The Young Scientist Program in Washington University at St. Louis has a history of changing lives through inspiration and scientific discovery
|Bart Bartlett is an assistant professor of chemistry at the University of Michigan. When Bartlett was in high school in St. Louis, he was one of the first participants in the Young Scientist Program. Today he is initiating a similar program at his institution.
Bart Bartlett was a junior in 1995 at Metro Academic and Classical High School in St. Louis when his science teacher put him in touch with an M.D./Ph.D. student at Washington University in St. Louis who was interested in bringing high school students into his thesis laboratory.
The graduate student, James McCarter, was one of the founders of the Young Scientist Program, which brings scientific laboratory experiences directly to underprivileged middle- and high-school students and their teachers. Bartlett was in one of the first cohorts.
While Bartlett had taken science courses, this was his first exposure to research in a laboratory. Over the course of the summer, Bartlett performed an independent research project doing genetic analysis in the model organism C. elegans, a small worm.
Bartlett says the most important part of the experience was working in the lab as part of a team.
“I learned by experience how the scientific method works to do cutting-edge research,” he says. “Knowing that scientists work together and have a lot of fun doing it reinforced a career in science."
The experience changed his life. Bartlett went on to study chemistry in college, earn a Ph.D., do postdoctoral research and become an assistant professor at the University of Michigan. He credits much of this success to the program and is currently initiating a similar one at his institution.
An obvious need
|Lesley Rankin scrapes off a colony of cells from a petri dish in the lab of Justin Fay, an assistant professor of genetics at Washington University at St. Louis, while Devi Swain, a Ph.D. student in molecular genetics and genomics, assists. Rankin was part of the School of Medicine’s summer Young Scientist Program designed to attract high-school students primarily from disadvantaged backgrounds into scientific careers, and she continues to volunteer in the lab.
Few would argue that scientific discovery and progress benefit from the diverse perspectives of individuals in the field. Yet while underrepresented minorities make up 29 percent of the U.S. population, they make up just over 5 percent of full professors with science and engineering doctorates, according to the National Science Foundation’s 2011 report on Women, Minorities and Persons with Disabilities in Science and Engineering. While women made up 5 percent of this group in 1979, that figure had increased to more than 20 percent in 2008. Meanwhile, underrepresented minorities made far fewer gains, with their numbers growing from about 2.5 percent in 1979 to 5 percent in 2008.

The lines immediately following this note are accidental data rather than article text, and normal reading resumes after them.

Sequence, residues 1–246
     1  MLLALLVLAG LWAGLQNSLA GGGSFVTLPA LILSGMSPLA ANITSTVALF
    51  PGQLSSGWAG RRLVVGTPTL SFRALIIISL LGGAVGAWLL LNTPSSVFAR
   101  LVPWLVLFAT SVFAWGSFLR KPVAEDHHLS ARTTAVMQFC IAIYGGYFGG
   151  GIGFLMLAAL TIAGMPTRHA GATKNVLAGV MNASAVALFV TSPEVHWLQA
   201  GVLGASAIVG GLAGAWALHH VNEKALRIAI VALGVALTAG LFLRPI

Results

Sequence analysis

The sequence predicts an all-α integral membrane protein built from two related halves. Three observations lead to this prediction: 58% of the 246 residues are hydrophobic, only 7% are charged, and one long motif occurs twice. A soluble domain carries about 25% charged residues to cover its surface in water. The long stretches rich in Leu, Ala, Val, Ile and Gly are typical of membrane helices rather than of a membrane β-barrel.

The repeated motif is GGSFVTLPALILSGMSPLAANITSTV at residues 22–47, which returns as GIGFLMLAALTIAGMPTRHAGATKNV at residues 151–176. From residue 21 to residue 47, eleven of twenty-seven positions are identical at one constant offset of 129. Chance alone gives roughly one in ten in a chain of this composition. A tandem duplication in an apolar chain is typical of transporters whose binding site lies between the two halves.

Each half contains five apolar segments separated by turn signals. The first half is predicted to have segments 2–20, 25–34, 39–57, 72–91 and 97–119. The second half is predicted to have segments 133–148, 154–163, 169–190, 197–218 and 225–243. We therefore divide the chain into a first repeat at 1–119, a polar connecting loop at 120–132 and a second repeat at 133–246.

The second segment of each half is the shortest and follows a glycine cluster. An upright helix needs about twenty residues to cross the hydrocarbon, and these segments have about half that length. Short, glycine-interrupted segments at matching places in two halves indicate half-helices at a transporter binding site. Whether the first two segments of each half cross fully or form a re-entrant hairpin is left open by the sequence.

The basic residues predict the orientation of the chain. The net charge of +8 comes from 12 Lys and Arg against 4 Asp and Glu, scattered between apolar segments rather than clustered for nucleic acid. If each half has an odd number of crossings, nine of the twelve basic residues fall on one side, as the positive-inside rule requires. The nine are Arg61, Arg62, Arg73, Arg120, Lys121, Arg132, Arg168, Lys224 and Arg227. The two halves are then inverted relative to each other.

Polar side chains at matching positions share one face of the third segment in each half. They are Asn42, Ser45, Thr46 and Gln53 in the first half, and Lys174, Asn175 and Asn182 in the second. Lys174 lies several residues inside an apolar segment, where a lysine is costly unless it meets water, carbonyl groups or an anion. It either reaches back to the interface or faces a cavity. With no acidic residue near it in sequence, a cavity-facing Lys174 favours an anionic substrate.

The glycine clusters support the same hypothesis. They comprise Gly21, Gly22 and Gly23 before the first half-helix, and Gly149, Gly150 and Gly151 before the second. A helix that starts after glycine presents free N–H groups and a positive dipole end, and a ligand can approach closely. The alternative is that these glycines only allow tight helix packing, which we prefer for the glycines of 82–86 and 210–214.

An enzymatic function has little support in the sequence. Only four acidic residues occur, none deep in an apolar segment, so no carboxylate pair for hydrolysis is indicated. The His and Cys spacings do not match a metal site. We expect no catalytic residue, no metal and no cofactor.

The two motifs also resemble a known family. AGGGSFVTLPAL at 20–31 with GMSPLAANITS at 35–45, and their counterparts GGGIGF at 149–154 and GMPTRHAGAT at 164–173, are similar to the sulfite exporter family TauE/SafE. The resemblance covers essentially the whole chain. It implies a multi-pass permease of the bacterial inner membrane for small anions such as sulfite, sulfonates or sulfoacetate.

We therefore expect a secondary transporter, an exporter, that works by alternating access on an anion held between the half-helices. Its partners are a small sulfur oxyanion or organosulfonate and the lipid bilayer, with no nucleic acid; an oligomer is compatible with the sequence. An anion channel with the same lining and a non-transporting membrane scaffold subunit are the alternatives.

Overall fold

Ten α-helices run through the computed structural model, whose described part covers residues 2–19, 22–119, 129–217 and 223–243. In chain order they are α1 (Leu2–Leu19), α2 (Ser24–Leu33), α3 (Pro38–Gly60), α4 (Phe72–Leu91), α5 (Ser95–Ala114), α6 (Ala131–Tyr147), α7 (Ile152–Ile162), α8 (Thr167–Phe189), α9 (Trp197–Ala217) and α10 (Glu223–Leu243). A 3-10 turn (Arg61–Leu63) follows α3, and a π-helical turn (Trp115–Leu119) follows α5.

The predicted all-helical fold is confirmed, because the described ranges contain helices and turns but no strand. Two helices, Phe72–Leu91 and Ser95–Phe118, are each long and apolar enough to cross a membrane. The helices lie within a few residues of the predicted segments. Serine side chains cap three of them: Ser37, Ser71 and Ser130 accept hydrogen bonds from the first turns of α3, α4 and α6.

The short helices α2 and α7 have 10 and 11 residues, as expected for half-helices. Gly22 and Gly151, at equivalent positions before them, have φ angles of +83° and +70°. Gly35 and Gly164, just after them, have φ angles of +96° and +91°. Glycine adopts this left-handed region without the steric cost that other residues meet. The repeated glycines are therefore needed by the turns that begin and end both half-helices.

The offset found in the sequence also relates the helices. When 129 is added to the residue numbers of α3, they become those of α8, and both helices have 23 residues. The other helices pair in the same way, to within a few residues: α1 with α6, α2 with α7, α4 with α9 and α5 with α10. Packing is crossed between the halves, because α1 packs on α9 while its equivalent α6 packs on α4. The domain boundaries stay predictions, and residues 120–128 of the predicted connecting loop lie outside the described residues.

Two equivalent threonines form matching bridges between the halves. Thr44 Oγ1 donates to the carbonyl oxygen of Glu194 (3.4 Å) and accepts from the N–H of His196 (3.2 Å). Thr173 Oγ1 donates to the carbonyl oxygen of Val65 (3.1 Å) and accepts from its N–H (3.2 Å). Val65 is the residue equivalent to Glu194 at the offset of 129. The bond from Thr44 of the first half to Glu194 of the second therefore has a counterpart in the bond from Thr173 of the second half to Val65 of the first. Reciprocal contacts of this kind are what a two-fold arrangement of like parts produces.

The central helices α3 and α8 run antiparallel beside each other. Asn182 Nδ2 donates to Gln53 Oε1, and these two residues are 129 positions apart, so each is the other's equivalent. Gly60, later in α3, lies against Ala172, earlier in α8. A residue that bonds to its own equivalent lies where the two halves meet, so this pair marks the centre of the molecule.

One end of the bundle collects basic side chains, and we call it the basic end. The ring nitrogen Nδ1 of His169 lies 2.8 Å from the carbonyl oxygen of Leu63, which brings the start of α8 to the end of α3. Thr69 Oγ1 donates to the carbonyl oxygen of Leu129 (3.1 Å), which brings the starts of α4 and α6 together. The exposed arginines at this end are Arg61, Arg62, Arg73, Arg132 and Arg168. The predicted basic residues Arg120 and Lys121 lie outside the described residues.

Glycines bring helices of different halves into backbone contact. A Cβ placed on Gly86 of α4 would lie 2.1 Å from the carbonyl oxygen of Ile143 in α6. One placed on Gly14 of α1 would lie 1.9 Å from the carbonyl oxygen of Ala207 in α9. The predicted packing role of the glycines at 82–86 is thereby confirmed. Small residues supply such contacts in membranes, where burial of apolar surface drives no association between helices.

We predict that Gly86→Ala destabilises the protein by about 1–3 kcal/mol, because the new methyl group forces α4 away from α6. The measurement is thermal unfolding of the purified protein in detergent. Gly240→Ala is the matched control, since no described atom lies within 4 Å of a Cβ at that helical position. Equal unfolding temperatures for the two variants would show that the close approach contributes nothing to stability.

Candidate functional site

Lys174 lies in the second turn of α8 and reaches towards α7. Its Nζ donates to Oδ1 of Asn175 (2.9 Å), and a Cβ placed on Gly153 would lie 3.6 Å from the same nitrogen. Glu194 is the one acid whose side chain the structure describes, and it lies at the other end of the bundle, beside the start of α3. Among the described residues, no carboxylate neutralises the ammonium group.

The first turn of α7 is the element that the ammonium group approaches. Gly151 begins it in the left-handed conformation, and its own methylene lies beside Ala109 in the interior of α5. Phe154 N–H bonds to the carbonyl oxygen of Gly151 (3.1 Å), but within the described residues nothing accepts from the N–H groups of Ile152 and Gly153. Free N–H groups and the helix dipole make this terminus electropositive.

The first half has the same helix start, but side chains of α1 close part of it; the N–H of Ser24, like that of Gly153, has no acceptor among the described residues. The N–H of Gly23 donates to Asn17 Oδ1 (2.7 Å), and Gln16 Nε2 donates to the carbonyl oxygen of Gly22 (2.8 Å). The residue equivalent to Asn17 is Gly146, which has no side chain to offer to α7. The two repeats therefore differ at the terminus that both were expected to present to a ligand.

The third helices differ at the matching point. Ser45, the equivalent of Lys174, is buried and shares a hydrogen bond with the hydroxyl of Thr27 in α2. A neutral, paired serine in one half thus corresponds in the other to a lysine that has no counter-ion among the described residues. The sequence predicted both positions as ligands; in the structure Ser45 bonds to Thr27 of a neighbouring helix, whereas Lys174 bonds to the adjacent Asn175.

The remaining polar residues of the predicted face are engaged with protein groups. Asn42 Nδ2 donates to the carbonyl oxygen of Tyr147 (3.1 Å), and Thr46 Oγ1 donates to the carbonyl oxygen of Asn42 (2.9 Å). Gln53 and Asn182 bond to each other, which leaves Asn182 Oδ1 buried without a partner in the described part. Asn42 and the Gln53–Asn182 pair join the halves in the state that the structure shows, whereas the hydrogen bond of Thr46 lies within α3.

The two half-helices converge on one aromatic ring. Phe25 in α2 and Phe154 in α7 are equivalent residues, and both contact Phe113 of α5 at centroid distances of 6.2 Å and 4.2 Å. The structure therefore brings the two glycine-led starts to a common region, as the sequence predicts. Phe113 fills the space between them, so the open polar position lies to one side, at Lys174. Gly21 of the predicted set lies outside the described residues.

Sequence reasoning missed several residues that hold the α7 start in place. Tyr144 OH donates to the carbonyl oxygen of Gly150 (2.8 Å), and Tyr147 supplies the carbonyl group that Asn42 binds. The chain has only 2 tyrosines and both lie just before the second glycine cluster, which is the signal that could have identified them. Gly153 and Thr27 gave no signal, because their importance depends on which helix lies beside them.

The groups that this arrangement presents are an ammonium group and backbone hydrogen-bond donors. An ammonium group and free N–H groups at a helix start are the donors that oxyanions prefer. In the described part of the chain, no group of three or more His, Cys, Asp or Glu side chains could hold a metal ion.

With these disparities in mind, the Young Scientist Program seeks to expose underrepresented minority students and those from disadvantaged backgrounds to experimental science and thus encourage science literacy and the pursuit of careers in science.
“YSP is unique in the United States, as the program is primarily run by volunteers, comprised of Ph.D. and M.D. students and postdoctoral fellows,” says Thomas Woolsey, the program’s faculty adviser.
Each year, YSP works in partnership with St. Louis public schools to engage more than 1,000 high-school students and teachers through a broad repertoire of programs. Over 20 years, about 500 volunteers have worked with more than 7,000 students. YSP was honored for its contributions to the St. Louis community when it received the 2011 Science Educator Award from the Academy of Science St. Louis.
With the support of the university and community members, YSP continues to have a major impact by attracting students from diverse backgrounds to pursue careers in science. In turn, YSP volunteers benefit from these programs, gaining a variety of skills and experiences not formally taught during graduate and post-graduate training.
Bartlett, who serves as a research adviser for graduate students, says he sees “the profound impact that instructing younger students, including high school students, has on their ability to communicate science."
|Abby Buchwalter (second from left), a Ph.D. student in cell biology and physiology, works with students at Vashon High School on an experiment about reduction-oxidation reactions. The students used heat and the sulfur in hardboiled eggs to tarnish pieces of silver and copper and then used hot water, baking soda and aluminum foil to remove the tarnish. The Vashon students visited the Washington University School of Medicine for Women in Science Day, sponsored by the Young Scientist Program and the Association for Women in Science.
YSP uses several unique initiatives to augment middle- and high-school science curricula and attract young people to scientific careers. One of them is the Summer Focus program, in which students from local high schools conduct independent research at Washington University for eight weeks.
Each student summarizes his or her discoveries in a formal research paper and presents his or her findings at a symposium at the summer’s end. He or she participates in a scientific writing course, attends career presentations by professional scientists, takes part in a journal club and is coached in making presentations.
Each student has both a laboratory mentor, who guides the student through an independent research project, and a tutor, who helps reinforce basic biological concepts. Bartlett says he remembers meeting with his tutor to build on what he had learned in freshman biology so that he could understand the genetics research he was doing in the lab.
| Students at Central Visual and Performing Arts High School participate in an exercise in natural selection during a visit to the Washington University School of Medicine. The students used forks, chopsticks and spoons to pick up different sizes of beans to simulate trait variation and differential survival within a population of birds. Students competed against one another for food over multiple rounds (generations) and observed how natural selection can alter the frequency of different traits over time within a population. The activities were organized by the Young Scientist Program’s evolution/genetics/genomics teaching team.